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Thursday, December 10, 2009

Nicola Godfrey Tiles

I need to mention that Nicola Godfrey (pronounced Nick-o-la) of Nicola Godfrey Tiles asked me back twice to photograph some more of her tiles. they are hand made and really incredible. She has walked me through the process she goes through to make them and I wish I had taken notes! I do remember that the press she uses is a 60 ton press!! She makes masters and then copies and then a master again, I forget it all but sometime in the future we hope to photograph the entire process for her website. The tiles are difficult to make and the slightest imperfection can make them crack.

Speaking of cracks, she made a beautiful ceramic tile frame for a mirror and shipped to to Arizona. Unfortunately it was broken in-route.

Her work is truly wonderful and if you want or need any custom tiles, I highly recommend her.

Raleigh Hebrew Cemetery

I wanted to make a special mention of the Raleigh Hebrew Cemetery. The photos were mixed in with the main Oakwood Historic Cemetery photos but I decided to put them in their own section to make them easier to find. Here is a link to them http://www.hldphotos.com/Galleries/Projects/Raleigh-Hebrew-Cemetery/10605363_MURnb#707406011_iG9Gp . The rocks on top of the headstones are a tradition. In the old days, the sand would blow off a person buried in the desert sand so they covered them with rocks. Today, when a person goes to visit them, they leave a rock on the headstone.

What was really emotional was one where somebody (a child?) left a rock painted with "We miss you" painted on it. It did photograph well but you can see the painted rock here- http://www.hldphotos.com/Galleries/Projects/Raleigh-Hebrew-Cemetery/10605363_MURnb#737390735_8x8xW There was also a very touching headstone where a little boy had left his Matchbox toy car instead of a headstone.

I found the Raleigh Hebrew Cemetery to be much more warm and personal than the Historic Oakwood Cemetery which had more markers about who was the first governor, senator, chairman of the board, etc. The Hebrew Cemetery was much more focused on the person and their relationships.

And yes I used to be able to read the Hebrew writing but have not kept up with it. For those interested, the Hebrew words shown here do not have any vowels on them. It also reads from right to left.

Historic Oakwood Photo Competition

Wow, life has been busy. I have been working on the "Images of Oakwood Architectural Phtoography Contest. Details are below. If you go to my website http://www.hldphotos.com and click on "Galleries" and then "Projects" (Shoot, why don't I just give you the link here http://www.hldphotos.com/Galleries/Projects) you will see three sections, one for each of the contest categories - Public Places, Private Homes, and Parks and Cemeteries.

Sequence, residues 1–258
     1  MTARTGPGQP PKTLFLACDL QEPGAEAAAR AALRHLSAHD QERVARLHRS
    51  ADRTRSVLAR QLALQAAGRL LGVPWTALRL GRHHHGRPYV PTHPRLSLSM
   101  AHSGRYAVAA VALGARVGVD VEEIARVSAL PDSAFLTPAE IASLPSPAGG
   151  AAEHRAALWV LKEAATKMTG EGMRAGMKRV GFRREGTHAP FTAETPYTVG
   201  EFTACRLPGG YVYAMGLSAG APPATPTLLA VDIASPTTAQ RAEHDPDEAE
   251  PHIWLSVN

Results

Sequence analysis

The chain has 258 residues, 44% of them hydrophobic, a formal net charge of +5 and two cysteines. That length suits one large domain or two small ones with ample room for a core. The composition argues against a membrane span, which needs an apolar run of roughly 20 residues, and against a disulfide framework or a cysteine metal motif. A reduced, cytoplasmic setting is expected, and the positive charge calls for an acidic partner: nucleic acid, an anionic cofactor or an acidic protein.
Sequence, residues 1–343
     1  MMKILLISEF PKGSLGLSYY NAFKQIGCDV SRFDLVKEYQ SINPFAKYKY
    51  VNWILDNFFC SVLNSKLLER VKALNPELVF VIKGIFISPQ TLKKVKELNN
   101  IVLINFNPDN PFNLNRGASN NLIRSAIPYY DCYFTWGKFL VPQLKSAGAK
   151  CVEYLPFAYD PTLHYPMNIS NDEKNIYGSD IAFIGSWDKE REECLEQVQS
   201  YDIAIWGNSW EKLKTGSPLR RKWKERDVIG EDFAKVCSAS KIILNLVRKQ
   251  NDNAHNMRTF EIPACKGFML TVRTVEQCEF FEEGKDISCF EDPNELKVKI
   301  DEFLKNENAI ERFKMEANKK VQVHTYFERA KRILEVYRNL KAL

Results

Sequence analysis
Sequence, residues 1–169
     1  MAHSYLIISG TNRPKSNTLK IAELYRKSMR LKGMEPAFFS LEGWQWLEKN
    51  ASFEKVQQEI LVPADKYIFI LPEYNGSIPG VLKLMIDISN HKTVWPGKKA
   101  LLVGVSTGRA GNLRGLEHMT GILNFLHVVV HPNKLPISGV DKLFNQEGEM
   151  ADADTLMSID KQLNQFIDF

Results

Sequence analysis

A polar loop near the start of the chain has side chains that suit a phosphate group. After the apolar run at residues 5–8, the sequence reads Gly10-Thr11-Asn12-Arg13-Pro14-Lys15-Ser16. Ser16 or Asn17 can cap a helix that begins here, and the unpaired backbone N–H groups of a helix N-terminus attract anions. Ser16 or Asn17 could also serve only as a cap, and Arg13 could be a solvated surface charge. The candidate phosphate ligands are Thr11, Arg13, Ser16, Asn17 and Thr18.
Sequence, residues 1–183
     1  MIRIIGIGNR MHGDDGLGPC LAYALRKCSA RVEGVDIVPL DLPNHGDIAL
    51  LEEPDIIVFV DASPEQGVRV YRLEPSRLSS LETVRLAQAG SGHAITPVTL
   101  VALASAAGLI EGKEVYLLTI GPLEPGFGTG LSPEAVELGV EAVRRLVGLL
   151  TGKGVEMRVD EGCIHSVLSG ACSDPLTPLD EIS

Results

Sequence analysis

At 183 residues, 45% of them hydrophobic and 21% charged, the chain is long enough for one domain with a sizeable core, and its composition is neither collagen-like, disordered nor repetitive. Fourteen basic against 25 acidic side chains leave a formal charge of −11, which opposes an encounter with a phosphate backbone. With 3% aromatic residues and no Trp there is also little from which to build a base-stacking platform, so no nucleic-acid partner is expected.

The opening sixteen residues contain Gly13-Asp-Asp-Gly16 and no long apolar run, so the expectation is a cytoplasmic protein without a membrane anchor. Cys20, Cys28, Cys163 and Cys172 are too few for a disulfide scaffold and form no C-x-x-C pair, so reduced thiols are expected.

They said they would notify the winners about a week in advance so that they could attend the awards reception. I had pretty much forgotten it until a few days ago and then figured I had not won. Yesterday the phone rang and it was a person from the committee!!! I AM ONE OF THE WINNERS!!! WHOO -HOO!! Now if you want to know which picture was the winner, (we were only allowed to submit one photo per category I had lots which is probably why they limited it to one. Everybody would have submitted tons.) well, I will have to keep you in suspense because I DON'T KNOW!! They said they wanted to keep it a surprise. Go to my Competition photos and try to pick which one. (Choices are the Governor's mansion, the Oakwood cemetery with the flag in it, and the purple house.

I will post and let you know which one was the winner as soon as I can. By the way for those in the Raleigh area, the reception is at 418 N. Person St, Raleigh, NC, at 3PM. I have to be at work by 4PM so I won't get to stay long.

There is a Civil War Section http://www.hldphotos.com/Galleries/Projects/Oakwood-Historic-Parks/10253909_6drMa#707308817_j2hFp shown here. Samuel Scherr http://www.hldphotos.com/gallery/10253909_6drMa#707427720_ykv78 has a very unique headstone as  does William Samuel Tarlton http://www.hldphotos.com/gallery/10253909_6drMa#707457881_awZoy. I liked the inscription on his marker.

Some comments on the houses there. Yeah, the purple house looks a little odd. These are all old homes and most are painted earthy rich colors. The trees there are incredible. go look at the tree in front of the Governor's mansion http://www.hldphotos.com/Galleries/Projects/Oakwood-Historic/10190317_ndjGP#701965646_KyyUW , talk about a kids delight climbing trees!! The Governor's mansion is within the Historic Oakwood Community. Historic Oakwood is really is a nice place, so different from typical suburbs.

Images Of Oakwood: Architectural Photography
Contest 2009
Open to the General Public
Historic Oakwood, Preservation North Carolina and the Capitol City Camera Club are co-sponsoring an
architectural photography contest featuring Raleigh's historic Oakwood neighborhood. Oakwood is Raleigh's most
intact 19th-century neighborhood and a vibrant historic district. The neighborhood's full range of Victorian
architectural styles and details are set off by tree-lined streets and carefully cultivated gardens. The district also
includes the expansive Oakwood Cemetery, a fine example of the 19th-century park-style cemetery.
The contest is open to the public. Prizes will be awarded and the winning photographs will be displayed at Historic
Oakwood's Candlelight Tour, December 12–13. Submitted photographs must be taken within Historic Oakwood
(see submission form for map) and fall into one of three categories:
Private Home Exteriors
Cemeteries & Parks
Public Buildings

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